But we’re just getting started. Let’s add in the fact that sales tax auditors, in the 46 states that collect a sales tax, tell us that about 90% of sales tax revenue comes from the top 10% of retailers (big-box stores, grocery chains, etc.); a number that is more than confirmed in a report from PriceWaterhouseCoopers. At the same time, auditors tell us that 90% of sales tax fraud comes from the small retailers that provide only 10% of revenue. This means that the larger retailers, who provide 90% of sales tax revenue are only one-tenth as likely to commit tax fraud, as the smaller retailers that provide only 10% of sales tax revenue. Therefore, that 10 to 1 ratio means that for tax fraud to be as bad under a sales tax, as under an income tax, you will have to multiply your multiplier (12), determined in the previous paragraph, by 10.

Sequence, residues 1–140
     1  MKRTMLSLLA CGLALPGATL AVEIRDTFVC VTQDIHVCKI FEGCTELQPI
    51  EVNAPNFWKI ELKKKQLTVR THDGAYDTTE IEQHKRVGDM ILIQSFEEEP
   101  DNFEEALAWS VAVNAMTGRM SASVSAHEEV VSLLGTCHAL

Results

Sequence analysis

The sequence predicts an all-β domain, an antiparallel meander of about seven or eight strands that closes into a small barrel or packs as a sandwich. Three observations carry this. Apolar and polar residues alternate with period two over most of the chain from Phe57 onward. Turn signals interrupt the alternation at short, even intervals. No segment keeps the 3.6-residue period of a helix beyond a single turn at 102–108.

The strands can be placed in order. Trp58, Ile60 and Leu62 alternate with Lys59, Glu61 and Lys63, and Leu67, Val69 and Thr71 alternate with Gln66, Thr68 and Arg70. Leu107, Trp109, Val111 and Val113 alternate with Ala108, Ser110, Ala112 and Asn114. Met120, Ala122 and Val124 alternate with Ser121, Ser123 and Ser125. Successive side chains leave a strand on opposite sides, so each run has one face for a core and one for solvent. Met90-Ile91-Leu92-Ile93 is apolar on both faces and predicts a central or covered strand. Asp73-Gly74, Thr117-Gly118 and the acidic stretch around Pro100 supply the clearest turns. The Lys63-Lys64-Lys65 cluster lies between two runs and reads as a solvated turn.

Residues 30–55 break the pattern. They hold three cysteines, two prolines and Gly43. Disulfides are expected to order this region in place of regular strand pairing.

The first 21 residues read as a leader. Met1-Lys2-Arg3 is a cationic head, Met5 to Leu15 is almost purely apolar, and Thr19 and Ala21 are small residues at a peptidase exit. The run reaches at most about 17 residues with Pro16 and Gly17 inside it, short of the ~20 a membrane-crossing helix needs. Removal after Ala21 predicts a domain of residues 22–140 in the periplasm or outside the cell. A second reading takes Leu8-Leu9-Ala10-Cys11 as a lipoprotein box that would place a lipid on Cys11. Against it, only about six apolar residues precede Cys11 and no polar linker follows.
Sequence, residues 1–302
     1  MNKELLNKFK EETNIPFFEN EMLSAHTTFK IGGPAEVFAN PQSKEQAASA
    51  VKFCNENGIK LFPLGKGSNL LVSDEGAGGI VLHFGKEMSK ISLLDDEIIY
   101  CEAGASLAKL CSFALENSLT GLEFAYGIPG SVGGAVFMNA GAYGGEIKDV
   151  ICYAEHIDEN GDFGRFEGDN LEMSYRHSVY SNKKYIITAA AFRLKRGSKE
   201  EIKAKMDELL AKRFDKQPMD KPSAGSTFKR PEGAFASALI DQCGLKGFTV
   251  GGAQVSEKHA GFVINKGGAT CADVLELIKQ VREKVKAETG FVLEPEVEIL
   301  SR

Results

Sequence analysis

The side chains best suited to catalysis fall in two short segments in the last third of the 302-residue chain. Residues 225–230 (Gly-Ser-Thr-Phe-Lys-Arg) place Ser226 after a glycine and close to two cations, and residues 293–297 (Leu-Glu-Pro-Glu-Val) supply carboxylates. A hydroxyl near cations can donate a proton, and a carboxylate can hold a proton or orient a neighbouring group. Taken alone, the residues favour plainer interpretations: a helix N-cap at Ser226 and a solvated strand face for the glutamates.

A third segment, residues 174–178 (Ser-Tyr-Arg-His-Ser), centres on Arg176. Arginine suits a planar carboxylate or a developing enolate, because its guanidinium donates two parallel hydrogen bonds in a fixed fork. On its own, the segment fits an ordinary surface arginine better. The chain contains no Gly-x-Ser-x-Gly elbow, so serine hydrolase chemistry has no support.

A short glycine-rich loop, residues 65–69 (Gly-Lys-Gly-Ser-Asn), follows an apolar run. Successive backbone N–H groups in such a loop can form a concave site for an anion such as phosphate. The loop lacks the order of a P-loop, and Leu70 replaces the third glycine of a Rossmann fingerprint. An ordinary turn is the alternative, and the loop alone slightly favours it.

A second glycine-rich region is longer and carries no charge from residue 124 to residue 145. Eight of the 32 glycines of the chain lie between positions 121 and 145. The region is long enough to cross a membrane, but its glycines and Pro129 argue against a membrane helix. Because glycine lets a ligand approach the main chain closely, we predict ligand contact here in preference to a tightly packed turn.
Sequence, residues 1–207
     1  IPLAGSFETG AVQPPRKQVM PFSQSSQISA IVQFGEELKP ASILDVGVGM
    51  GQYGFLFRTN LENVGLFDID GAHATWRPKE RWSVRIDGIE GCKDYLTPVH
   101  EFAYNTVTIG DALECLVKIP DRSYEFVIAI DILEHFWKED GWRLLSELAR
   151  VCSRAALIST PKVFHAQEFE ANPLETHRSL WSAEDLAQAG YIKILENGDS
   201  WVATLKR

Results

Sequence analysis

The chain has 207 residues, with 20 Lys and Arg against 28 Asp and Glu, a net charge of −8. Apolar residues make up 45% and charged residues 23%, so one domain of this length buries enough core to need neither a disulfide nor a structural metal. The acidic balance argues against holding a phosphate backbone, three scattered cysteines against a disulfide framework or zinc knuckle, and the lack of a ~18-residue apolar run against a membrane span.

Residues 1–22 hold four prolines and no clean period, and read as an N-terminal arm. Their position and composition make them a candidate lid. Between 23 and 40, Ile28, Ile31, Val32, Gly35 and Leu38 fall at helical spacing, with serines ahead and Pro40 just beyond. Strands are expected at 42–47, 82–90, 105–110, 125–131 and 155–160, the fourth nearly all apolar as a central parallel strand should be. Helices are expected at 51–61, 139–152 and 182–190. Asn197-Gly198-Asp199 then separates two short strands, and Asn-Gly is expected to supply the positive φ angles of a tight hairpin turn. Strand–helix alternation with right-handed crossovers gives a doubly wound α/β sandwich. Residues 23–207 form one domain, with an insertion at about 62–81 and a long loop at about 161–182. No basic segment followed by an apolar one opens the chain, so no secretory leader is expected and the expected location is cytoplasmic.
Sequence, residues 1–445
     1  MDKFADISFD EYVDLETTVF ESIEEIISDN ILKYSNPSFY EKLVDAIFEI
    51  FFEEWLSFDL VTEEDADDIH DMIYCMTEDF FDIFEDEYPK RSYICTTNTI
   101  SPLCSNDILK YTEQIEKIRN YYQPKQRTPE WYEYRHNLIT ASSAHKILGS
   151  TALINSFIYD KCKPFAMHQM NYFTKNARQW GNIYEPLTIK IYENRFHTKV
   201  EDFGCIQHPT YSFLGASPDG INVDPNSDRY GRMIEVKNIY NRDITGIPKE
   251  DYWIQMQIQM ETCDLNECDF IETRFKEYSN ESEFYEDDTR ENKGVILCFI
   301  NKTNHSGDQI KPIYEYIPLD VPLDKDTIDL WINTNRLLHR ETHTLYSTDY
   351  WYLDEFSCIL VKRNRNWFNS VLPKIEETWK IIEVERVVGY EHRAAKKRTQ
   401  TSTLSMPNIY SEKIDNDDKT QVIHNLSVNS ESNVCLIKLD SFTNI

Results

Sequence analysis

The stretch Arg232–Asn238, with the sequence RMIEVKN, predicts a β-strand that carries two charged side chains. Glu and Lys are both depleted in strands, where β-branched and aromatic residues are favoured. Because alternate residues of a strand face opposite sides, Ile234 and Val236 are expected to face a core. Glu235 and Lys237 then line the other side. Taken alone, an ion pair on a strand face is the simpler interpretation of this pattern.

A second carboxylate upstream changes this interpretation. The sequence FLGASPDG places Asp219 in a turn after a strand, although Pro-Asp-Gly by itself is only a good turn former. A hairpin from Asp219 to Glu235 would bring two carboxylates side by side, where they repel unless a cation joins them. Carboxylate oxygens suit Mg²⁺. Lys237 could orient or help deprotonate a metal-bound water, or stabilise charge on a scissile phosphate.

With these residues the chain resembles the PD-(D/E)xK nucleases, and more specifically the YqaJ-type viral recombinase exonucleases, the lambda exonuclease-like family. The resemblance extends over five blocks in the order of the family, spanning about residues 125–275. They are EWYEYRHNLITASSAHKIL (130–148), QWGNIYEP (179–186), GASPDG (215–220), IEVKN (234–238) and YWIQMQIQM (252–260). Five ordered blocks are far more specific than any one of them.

In the end, for tax fraud to be as bad under the FairTax, as it is under any form of income tax, a whopping 120 times more taxpayers would have to suddenly become willing to commit tax fraud. That wouldn’t even happen under normal conditions. But this case wouldn’t be normal. Since sales tax fraud requires two participants, another crime is added to the mix. When two people “conspire” to commit tax fraud, the crime becomes, “Conspiracy to Commit Tax Fraud” (conspiracy is a state crime that almost always carries a much higher penalty than a similar non-conspiracy crime). With all of this stacked against potential tax cheats, there is no possible way that tax fraud would be any more than a tiny fraction as bad, under the FairTax, as it would be under any type of income tax. Then to top it off, sales tax evasion is considered to be one of the easiest types of tax evasion to detect.